Saturday, January 19, 2019

Posted at: Apr 14, 2018, 12:55 AM; last updated: Apr 14, 2018, 12:55 AM (IST)

The farm multiplier

Drones, robots, artificial intelligence and lots more… technology is bringing about a revolution in agriculture

Vijay C Roy

Last month Mohali-based Agnext, agricultural sensing and solution company, won the Karnataka Grand Challenge Award for creating a pest and disease surveillance solution by using the latest technologies in artificial intelligence, agriculture imagery and crop growth modelling. Taranjeet Singh (38), IIT graduate and managing director of the three-year-old company, was awarded a cash prize of Rs 50 lakh. 

Working with the government of Karnataka, the company would deploy the solution for 12 major crops of the state.

The Pest and Disease Surveillance Project involved artificial intelligence-based image-processing application for pests and disease detection in crops, an internet of things-based pest detection system for farmers and satellite-based tracking of weather and crop health.

This technology would provide Big Data-based surveillance platform for the government, which could regularly inform farmers to take preventive steps based on data analytics from the deployed digital technologies.

Taranjeet Singh is not the lone example. A number of entrepreneurs across the country have been trying to revolutionise the agricultural sector by developing state-of-the-art technologies by deploying automation, artificial intelligence, internet of things (IoT), etc.

Why technology is important

Farmers have always been aware of varying aspects of the environment like changes in soil, water, weather and vegetation. However, they lacked the tools to measure, map and manage these variations. Today precision farming is helping manage variations in the field accurately to grow more food using fewer resources, thereby reducing production costs. It is  key component in the use of IT and various items like robotics,  sensors, control systems, autonomous vehicles, automated hardware, variable rate technology, and so on.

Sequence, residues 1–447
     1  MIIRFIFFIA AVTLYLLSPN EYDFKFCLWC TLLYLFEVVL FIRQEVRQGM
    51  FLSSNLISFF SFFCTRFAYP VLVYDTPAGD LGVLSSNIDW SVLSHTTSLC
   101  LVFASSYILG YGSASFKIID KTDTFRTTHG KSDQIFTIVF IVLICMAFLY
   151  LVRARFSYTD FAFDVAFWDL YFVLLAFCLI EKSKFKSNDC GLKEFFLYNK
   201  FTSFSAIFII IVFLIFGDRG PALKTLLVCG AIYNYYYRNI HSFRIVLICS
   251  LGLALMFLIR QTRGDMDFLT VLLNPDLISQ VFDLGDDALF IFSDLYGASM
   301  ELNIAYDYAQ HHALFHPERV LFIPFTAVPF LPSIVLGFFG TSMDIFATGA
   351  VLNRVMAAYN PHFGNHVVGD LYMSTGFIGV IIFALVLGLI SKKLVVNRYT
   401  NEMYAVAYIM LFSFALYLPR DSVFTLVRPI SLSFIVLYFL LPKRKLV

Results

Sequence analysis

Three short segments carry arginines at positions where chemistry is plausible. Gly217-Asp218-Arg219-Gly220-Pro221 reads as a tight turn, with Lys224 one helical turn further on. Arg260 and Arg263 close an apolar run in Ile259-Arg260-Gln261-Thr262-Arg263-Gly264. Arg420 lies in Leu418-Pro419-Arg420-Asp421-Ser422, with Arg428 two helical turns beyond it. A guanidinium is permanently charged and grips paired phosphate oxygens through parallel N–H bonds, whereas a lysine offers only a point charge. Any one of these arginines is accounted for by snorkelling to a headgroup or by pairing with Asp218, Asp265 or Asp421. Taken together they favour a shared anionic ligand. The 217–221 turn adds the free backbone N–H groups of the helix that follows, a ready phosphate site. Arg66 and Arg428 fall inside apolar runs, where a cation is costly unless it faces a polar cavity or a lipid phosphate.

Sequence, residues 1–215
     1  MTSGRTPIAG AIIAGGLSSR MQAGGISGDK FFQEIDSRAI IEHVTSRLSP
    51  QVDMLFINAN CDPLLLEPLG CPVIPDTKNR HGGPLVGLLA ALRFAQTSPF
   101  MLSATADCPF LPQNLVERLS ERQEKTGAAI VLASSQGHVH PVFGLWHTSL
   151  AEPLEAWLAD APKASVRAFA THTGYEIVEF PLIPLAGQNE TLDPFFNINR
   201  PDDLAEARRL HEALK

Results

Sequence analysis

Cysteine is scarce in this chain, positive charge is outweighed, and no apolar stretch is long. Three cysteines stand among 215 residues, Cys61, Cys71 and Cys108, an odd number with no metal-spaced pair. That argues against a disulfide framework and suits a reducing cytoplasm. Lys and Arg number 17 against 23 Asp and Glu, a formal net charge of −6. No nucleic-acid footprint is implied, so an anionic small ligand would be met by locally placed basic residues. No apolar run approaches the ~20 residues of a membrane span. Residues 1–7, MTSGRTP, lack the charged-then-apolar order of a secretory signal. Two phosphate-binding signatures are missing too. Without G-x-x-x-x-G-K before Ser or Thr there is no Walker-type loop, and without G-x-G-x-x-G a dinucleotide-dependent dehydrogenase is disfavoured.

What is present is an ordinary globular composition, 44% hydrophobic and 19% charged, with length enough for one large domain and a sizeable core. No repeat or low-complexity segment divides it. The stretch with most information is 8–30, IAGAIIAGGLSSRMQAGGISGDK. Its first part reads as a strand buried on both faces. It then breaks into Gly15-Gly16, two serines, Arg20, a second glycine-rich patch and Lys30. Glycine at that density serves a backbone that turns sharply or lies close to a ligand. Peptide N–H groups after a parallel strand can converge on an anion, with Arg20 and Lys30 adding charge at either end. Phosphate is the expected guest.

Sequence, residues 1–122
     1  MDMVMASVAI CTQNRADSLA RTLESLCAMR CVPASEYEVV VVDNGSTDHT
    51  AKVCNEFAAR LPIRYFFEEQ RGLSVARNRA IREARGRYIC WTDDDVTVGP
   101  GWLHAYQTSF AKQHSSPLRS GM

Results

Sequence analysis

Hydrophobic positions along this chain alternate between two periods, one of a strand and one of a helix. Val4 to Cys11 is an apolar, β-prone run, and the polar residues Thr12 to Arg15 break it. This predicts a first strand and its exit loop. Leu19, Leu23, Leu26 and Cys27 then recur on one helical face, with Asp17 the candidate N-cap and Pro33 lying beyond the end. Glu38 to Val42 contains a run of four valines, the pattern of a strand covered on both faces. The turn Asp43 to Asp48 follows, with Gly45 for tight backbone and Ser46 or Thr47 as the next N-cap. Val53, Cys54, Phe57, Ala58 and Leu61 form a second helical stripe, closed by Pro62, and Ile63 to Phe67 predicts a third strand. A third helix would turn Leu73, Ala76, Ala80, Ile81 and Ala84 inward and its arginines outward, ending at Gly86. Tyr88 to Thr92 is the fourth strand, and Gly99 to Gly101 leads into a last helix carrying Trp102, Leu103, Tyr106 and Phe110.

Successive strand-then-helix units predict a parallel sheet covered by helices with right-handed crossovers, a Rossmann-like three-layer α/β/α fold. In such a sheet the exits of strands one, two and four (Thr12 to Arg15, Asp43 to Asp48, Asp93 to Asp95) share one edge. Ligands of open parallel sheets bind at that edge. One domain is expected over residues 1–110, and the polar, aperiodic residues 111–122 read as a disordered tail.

The adoption of high-speed internet, mobile devices and reliable, low-cost satellites (for imagery and positioning) are a few key technologies characterising the trend in precision agriculture.

Smart farming will enable the farmers to reduce waste and enhance productivity. This will range from the quantity of fertiliser utilised to the number of journeys the farm vehicles have made. Here’s a look at the technology which has been creating ripples in the market.

Droning around

Agriculture is one of the major industries to incorporate drones. Drones are being used in agriculture to improve productivity. Ground and aerial-based drones are being used in agriculture for crop health assessment, irrigation, monitoring, spraying, planting, soil and field analysis.

The benefit of using drones include crop health imaging, integrated GIS (geographic information system) mapping, ease of use, saves time, and potential to increase yields. With strategy and planning based on real-time data collection and processing, the drone technology will give a high-tech makeover to agriculture industry.

Agnext is working with Haryana and Karnataka. In Haryana, it is working in Panchkula and Yamunanagar to map the existing crop and find crop potential area by remote sensing. The remote sensing data is processed through machine learning, and then, the pattern is analysed. The proposed project will help farmers, besides seed and fertiliser companies. 

The technology provider uses drones for gathering valuable data via a series of sensors that are used for imaging, mapping, and surveying the land. These drones perform in-flight monitoring and observations.